Real Estate Tips: Preparing You & Your Home for School

August is usually the month for going back-to-school and you and your home can suddenly spin out of control. Below is a list of some hopeful tips to help you stay organized during this crazy time. 

1) Establish a routine. Start homework as soon as the kids get home from school. This is a great way to cut down the stress before bedtime. Also, Preparing food for lunches, laying out clothes, signing all homework, etc… can be done the night before and will save you time in the mornings.  

2) Get a calendar. Having a calendar on a wall near the kitchen can help you keep track of daily, weekly or monthly activities at a glance. You should include family event, test dates & other important information. Try adding a inspirational quote to the top every month. 

3) Make a designated area for school backpacks. A mudroom is an excellent place to keep backpacks. This way, they are out of sight to your guest yet your family knows exactly where to look for them the next day.   

4) Prep lunches. Its a good idea to have designated areas for school lunches in the refrigerator and pantry. This way you can grab the items you need to make a quick lunch. 
    Refrigerator: Make designated area for juice boxes (school drinks) in the door.

    Pantry: Designate a shelf or drawer for school lunches & store single serve                        snack items in different baskets or containers.

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Charlotte, NC – Education

Families new to the Charlotte area will find many educational opportunities and choices here; so many in fact that it may take a little research to figure out exactly which is best for your child. Local educators make that task easy by welcoming visitors to their schools and by providing ample information to help you make the choice.

Public Schools

The Charlotte region’s public school systems meet the needs of a wide range of students, from special needs to academically gifted, technical to college prep. North Carolina has traditionally encouraged consolidation of public systems so that each county has one school system, giving the state 100 county systems and 15 city systems. The largest in North Carolina, and among the top 25 in the nation, is Charlotte-Mecklenburg Schools, which serves more than 121,640 students in 148 schools. While many North Carolina public systems have consolidated, some remain independent city school districts, such as Mooresville Graded School District in southern Iredell County and Kannapolis City Schools in Cabarrus/Rowan counties. In South Carolina, Lancaster County has one public school system, while York County has four, each with its own distinct character. A common theme among all regional schools is growth. The increase in population is causing tremendous growth in school enrollment, and that puts pressure on classroom space, money and resources. As you visit schools, you’ll see plenty of new construction and expansion projects under way, as well as many modular units, or mobile classrooms.

Making the Grade

Another common theme for public systems in North Carolina is the ABCs, short for the ABCs of Public Education Accountability Program . This statewide reform effort is designed to improve educational performance and results at individual schools by setting goals and evaluating progress on those goals through end-of-grade tests. High-performing schools are rewarded through bonuses for teachers and other certified staff; low-performing schools are given special state assistance to help them improve. The ABC results are available online at the State Department of Public Instruction Web site, The No Child Left Behind Legislation, enacted in 2003, also holds school districts accountable. The law has three goals: 1. Make sure that all students in a school perform well in the areas of reading and mathematics especially students from low-income families and minority populations, Limited English Proficient students, and students with disabilities. 2. Hold schools responsible if all children are not on grade level or above. 3. Make sure that there is a highly qualified teacher in each classroom. Each state sets its own standards for meeting these goals; for North Carolina, this means that students must achieve grade-level or higher on their end-of-grade tests.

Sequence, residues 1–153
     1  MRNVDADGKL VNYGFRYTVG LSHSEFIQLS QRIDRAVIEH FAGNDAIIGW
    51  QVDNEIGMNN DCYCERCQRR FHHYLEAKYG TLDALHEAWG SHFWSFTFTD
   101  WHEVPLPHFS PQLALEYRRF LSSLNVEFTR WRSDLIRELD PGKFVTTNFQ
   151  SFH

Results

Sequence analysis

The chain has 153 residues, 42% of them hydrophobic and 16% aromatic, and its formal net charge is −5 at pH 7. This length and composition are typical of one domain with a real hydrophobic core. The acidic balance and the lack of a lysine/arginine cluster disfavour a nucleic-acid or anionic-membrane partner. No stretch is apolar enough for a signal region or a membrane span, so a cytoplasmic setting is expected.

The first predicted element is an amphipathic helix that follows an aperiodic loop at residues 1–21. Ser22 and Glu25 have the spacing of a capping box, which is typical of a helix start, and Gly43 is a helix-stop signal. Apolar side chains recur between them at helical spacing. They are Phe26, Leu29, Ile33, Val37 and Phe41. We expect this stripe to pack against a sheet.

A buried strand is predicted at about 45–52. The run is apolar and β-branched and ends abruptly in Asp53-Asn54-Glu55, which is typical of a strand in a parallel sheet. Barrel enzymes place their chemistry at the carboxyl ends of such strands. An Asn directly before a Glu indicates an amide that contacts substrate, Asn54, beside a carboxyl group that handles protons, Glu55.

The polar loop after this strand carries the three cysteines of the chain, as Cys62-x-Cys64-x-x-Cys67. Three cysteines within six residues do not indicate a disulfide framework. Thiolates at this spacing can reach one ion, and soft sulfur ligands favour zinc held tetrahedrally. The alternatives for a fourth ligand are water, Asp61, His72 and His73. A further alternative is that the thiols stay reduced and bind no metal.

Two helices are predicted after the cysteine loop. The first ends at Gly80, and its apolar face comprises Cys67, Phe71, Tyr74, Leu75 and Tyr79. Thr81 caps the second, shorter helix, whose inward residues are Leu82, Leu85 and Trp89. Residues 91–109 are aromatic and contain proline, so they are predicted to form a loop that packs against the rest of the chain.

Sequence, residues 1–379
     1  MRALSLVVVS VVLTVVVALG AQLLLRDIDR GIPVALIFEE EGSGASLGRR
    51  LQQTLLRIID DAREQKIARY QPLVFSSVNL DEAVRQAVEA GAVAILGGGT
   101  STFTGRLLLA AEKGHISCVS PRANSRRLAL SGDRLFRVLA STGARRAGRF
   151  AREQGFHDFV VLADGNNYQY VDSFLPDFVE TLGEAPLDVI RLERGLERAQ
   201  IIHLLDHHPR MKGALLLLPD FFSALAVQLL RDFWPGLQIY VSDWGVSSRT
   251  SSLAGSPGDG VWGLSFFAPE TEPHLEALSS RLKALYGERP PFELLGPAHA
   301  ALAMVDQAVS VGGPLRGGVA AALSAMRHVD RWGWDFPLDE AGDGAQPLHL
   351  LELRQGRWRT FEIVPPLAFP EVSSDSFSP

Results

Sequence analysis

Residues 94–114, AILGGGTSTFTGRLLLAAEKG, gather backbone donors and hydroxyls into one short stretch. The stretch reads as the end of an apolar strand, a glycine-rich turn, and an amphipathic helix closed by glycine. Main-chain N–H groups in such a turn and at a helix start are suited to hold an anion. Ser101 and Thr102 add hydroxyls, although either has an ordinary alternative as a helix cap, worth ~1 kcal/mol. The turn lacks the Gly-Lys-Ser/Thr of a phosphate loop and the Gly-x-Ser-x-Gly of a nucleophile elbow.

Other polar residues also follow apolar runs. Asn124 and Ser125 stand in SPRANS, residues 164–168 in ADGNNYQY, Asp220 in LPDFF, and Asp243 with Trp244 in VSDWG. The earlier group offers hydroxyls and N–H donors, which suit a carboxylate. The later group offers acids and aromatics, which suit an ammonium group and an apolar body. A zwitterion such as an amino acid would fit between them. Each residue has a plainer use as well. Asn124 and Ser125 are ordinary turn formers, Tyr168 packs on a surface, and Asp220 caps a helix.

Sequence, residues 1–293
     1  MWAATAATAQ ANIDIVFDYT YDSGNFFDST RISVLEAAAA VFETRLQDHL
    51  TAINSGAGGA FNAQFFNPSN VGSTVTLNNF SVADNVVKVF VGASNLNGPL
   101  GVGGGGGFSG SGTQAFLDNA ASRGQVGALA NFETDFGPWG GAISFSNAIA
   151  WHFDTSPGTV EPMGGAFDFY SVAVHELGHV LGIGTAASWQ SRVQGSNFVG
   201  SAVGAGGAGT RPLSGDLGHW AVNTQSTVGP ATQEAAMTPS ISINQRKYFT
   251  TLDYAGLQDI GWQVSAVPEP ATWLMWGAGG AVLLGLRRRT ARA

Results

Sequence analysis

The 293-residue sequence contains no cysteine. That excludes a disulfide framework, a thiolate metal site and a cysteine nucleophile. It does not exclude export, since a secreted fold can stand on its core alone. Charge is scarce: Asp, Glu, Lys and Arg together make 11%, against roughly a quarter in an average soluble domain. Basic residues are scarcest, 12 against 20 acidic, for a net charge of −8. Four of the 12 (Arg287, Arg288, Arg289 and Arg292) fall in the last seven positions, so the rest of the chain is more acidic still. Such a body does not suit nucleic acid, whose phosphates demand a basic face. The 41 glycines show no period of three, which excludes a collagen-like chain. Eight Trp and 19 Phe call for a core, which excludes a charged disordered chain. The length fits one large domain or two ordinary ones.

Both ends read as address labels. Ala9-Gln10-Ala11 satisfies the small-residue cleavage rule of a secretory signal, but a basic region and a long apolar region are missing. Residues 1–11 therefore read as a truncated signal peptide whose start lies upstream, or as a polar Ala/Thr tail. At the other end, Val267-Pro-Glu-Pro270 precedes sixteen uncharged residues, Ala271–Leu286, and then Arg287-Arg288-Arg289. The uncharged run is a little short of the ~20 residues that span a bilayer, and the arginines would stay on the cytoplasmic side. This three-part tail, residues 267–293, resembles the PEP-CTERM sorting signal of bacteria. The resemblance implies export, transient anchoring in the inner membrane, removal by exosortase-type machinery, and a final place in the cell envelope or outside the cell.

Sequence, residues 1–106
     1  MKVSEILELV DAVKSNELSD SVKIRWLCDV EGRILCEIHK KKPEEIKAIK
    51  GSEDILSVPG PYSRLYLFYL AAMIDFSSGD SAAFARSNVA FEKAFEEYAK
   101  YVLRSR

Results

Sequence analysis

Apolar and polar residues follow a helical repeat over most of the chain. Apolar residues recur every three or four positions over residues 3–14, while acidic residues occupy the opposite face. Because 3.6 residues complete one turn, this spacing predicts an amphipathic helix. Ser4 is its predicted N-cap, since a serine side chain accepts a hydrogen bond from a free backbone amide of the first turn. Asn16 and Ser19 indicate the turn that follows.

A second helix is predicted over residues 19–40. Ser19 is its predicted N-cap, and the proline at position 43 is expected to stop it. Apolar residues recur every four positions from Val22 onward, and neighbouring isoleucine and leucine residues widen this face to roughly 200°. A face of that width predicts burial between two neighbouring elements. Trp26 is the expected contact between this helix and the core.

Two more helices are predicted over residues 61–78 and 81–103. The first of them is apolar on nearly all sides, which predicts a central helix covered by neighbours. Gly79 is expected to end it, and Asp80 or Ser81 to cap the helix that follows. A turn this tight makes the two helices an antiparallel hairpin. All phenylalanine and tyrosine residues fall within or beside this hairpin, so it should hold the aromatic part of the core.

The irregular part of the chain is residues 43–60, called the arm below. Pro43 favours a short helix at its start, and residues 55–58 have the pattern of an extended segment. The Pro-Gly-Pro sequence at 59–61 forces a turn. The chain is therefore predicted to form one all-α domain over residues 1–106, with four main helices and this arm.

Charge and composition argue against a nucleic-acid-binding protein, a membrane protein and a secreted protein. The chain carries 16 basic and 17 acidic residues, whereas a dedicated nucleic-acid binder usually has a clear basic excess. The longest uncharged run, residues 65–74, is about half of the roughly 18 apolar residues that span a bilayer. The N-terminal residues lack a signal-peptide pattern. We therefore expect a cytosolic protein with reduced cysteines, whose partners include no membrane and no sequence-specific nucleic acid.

Private Schools

The Charlotte region also has many independent secular and religious private schools. There’s even a parochial school system Mecklenburg Area Catholic Schools which encompasses the countys eight parochial schools (but not the Catholic schools in outlying counties). You’ll find a range of educational offerings, including innovative programs, special classes for students with learning disabilities, religious training and character-building. Because each private school has its own distinct philosophy and approach to learning, you’ll want to research, talk to parents and take a tour.

Charter Schools

The Charlotte region also has several charter schools to consider. Charter schools, which originated in Minnesota in the early 1990s, are independently operated public schools designed to serve as laboratories for innovation in education. Created and run by parents, teachers and/or community leaders, charter schools receive the same per-pupil funding as other public schools. However, they can spend the money and operate with fewer restrictions and government rules. The schools must be approved by the N.C. Board of Education before they can begin operation and are periodically reviewed.                                                                                                                                                                      704-896-5141 Office                                                                                                                            Allen Tate Company